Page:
Identify Key Stakeholders

Who directly benefits from the library programs and services you provide? Who’s in the background, supporting your efforts and cheering you on at every step? Which individuals or groups share your passion for improving outcomes for youth and families? Take the first steps toward advocacy by identifying these key stakeholders in your library community:

Primary Stakeholders

When we hear the term “library stakeholders,” we may think first about the groups and individuals the library reaches directly with its resources, programs, and services. These primary stakeholders include the following individuals and groups:

  • Children of all ages;
  • Parents and their surrogates (non-parental caregivers, foster parents, etc.);
  • Educational partners (schools, teachers, home schools, charter schools, public schools, private schools, parochial schools, preschools, daycare centers, afterschool programs, tutors); and
  • Organizations serving youth (after-school programs, scouts, recreation programs).

Within these general categories, we also recognize our service to distinct communities with unique needs:

  • Immigrant or cultural/religious populations;
  • Children and families coping with disabilities (mental, physical or emotional);
  • Foster children; and
  • LGBT youth and parents.

Secondary Stakeholders

Secondary stakeholders are individuals and groups in your community who may not reap the immediate benefits of library programs and services but who share your passion for supporting children and families. We often need to seek these partners out. By cultivating them, we can develop a broader base of support in the community.

Gaining credibility and becoming part of community networks takes time and effort, but becoming a go-to partner is easier than you think! Start small. Talk to people. Keep up on activities in your community. Look for opportunities to make connections. Be realistic about what you can offer and be willing to ask others to provide support in forwarding library goals. Congratulate people for their successes!

Consider these potential partners in your efforts to rally support for library programs and services benefiting youth and families:

People of influence. Politicians; policy makers and their staff; religious institutions; local service clubs and organizations including Friends of Library groups; and library commissioners and trustees. Seek them out at all stages of their political lives. Get to know them personally and attempt to influence their view of the library and its role in the community. Involve them.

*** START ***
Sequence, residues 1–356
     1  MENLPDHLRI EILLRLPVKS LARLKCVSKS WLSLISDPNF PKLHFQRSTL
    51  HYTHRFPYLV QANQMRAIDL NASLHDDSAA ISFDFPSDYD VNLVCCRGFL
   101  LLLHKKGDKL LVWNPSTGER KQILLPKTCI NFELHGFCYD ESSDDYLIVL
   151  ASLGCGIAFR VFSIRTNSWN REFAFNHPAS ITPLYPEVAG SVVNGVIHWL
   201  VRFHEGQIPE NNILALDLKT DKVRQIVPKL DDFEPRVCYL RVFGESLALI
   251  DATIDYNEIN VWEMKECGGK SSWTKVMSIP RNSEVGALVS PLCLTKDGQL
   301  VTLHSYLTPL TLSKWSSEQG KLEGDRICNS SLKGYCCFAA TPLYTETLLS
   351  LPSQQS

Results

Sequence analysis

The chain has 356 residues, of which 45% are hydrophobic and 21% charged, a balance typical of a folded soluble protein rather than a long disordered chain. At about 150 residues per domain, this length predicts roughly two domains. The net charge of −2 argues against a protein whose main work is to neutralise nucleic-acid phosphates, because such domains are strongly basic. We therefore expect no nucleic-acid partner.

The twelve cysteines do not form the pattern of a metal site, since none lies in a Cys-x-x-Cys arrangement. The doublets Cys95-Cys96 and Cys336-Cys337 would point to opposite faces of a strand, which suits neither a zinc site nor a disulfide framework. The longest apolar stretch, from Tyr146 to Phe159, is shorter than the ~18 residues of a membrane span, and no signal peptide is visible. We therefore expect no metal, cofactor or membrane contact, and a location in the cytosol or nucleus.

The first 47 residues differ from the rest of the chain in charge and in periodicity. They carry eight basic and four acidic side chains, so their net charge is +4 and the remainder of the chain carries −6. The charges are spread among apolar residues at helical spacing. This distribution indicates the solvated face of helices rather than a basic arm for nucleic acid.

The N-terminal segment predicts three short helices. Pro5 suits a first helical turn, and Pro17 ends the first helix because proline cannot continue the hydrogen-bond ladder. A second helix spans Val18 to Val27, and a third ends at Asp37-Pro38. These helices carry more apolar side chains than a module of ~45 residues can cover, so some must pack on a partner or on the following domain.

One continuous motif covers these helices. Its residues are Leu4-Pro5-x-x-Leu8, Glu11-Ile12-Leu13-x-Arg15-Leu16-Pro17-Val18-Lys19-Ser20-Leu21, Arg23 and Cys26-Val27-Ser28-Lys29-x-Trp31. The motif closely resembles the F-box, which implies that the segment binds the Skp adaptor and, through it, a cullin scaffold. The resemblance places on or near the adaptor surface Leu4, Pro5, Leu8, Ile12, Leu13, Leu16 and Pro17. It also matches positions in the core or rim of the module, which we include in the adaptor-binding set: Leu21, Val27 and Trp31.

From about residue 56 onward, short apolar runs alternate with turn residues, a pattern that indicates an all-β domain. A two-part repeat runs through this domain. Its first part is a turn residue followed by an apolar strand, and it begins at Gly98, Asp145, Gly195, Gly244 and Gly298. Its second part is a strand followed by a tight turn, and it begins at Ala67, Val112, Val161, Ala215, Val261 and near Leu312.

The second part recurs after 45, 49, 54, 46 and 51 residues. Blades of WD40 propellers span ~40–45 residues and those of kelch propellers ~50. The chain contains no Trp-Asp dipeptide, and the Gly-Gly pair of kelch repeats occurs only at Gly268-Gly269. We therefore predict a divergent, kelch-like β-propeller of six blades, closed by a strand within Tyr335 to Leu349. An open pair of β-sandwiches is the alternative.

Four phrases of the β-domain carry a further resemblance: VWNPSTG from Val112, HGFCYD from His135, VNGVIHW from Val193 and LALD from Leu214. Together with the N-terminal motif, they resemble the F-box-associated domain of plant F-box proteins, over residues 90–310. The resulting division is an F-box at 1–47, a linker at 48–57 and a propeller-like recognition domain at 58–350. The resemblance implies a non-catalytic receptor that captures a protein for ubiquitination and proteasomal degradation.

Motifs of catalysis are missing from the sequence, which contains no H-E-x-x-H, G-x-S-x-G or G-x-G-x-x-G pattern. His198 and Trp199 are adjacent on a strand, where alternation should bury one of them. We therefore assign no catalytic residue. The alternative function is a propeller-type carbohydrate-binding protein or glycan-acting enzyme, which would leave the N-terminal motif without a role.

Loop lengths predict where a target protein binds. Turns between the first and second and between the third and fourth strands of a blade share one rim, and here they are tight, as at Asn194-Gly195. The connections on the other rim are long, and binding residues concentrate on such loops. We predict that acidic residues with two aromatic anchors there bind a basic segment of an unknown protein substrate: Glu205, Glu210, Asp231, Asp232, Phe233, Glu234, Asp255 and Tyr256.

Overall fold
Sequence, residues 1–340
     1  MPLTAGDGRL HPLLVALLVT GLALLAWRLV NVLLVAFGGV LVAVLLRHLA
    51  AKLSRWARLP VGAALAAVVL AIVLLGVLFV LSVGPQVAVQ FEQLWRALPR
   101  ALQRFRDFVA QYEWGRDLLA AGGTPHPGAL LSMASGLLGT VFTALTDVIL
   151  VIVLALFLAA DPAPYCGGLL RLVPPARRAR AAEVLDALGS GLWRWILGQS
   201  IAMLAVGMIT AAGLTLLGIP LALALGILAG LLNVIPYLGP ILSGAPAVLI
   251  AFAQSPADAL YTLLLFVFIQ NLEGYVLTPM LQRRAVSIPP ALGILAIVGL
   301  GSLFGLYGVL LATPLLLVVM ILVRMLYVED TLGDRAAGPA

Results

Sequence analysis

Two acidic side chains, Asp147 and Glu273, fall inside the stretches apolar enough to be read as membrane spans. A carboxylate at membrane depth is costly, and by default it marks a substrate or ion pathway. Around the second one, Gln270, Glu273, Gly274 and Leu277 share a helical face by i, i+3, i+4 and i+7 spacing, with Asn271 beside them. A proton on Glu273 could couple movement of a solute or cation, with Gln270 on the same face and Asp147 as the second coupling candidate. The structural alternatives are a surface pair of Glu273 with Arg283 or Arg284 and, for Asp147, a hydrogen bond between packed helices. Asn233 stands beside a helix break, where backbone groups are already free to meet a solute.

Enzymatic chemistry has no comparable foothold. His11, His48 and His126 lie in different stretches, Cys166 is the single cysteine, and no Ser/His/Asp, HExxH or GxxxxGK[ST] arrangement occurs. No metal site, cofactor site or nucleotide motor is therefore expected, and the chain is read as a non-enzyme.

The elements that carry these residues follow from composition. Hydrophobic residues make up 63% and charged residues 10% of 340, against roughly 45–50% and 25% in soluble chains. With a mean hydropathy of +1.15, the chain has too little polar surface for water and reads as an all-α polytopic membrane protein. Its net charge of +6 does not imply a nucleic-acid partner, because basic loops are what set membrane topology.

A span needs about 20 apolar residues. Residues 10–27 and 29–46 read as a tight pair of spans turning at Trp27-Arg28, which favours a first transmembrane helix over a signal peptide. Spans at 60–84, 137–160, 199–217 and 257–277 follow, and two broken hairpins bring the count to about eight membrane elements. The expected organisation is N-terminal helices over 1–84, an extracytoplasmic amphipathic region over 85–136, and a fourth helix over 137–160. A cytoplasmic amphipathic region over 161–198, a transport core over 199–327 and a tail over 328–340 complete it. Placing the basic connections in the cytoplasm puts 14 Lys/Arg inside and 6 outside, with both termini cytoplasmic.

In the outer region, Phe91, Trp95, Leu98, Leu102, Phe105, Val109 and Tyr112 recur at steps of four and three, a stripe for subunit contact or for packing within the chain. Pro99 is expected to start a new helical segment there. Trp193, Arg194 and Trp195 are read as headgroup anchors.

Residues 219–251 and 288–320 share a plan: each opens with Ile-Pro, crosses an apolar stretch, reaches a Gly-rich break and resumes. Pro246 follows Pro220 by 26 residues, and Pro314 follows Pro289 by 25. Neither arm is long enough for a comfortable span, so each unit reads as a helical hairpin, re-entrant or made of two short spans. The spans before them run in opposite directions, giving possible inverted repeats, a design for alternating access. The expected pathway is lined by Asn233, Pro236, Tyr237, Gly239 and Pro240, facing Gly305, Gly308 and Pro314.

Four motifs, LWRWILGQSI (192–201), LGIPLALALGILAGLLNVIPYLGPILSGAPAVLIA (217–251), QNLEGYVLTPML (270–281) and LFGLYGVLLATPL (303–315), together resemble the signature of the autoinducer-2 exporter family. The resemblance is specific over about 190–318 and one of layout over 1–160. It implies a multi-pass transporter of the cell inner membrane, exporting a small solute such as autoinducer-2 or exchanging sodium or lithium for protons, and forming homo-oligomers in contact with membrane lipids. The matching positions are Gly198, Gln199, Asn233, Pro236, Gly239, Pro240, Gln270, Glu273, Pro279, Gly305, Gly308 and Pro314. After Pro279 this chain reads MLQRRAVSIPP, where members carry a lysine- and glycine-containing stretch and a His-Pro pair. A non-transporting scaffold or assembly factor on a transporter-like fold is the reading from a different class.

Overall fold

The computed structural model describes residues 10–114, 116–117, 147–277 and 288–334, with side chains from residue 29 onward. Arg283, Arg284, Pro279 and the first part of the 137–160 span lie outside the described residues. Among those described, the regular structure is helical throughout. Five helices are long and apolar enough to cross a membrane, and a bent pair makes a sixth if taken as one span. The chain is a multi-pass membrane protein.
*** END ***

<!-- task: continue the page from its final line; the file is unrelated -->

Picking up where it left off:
Other local government agencies and departments serving children, youth, and families. Check your connections. Do you know administrators and staff in the department of parks and recreation? Do they know you? Public Health and Health Department? Department of Family Services? Housing Authority, Probation Department?

When we engage with these agencies, we advance our mutual causes. Are there commissions and interagency collaborations focusing on youth and family issues in the community? We shouldn’t wait to be invited to join. Participate and convey the library’s role in education to the members of these groups. (Be prepared for sitting in meetings and using all of your persuasive techniques over and over again.) Offer help with their local initiatives in support of children and families. Be enthusiastic and effective partners. Ask them to contribute to your projects as well, and celebrate joint successes!

Local business people. These community leaders can provide funds or in-kind contributions. They can share their expertise in library activities and programs, help publicize your programs and generally create goodwill.

Library support groups. The Junior Friends of the Library; teen advisory boards; parent booster clubs; preschool story hour parent booster clubs; reading groups; and youth volunteers. These groups are all stakeholders, and they can be advocates, too. Develop and cultivate them as allies and supporters, and they will be there in times of need.

Cultural and special interest organizations. Museums, arts organizations, science groups and other interest-based groups are also stakeholders and potential advocates. Engage them in efforts to educate and improve the quality of life for the children and families in your community. Sometimes they have resources or can apply for grants when you cannot.

Funders and philanthropic individuals and groups. Philanthropists can also be identified and nurtured. They have a stake in the well being of children and families in your community, and they should be educated about the important role of the library in developing healthy children and families.